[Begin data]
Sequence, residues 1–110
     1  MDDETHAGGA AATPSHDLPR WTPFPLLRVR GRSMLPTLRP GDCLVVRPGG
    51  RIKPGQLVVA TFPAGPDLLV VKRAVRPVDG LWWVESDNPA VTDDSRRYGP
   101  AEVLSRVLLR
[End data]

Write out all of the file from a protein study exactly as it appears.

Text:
Sequence, residues 1–110
     1  MDDETHAGGA AATPSHDLPR WTPFPLLRVR GRSMLPTLRP GDCLVVRPGG
    51  RIKPGQLVVA TFPAGPDLLV VKRAVRPVDG LWWVESDNPA VTDDSRRYGP
   101  AEVLSRVLLR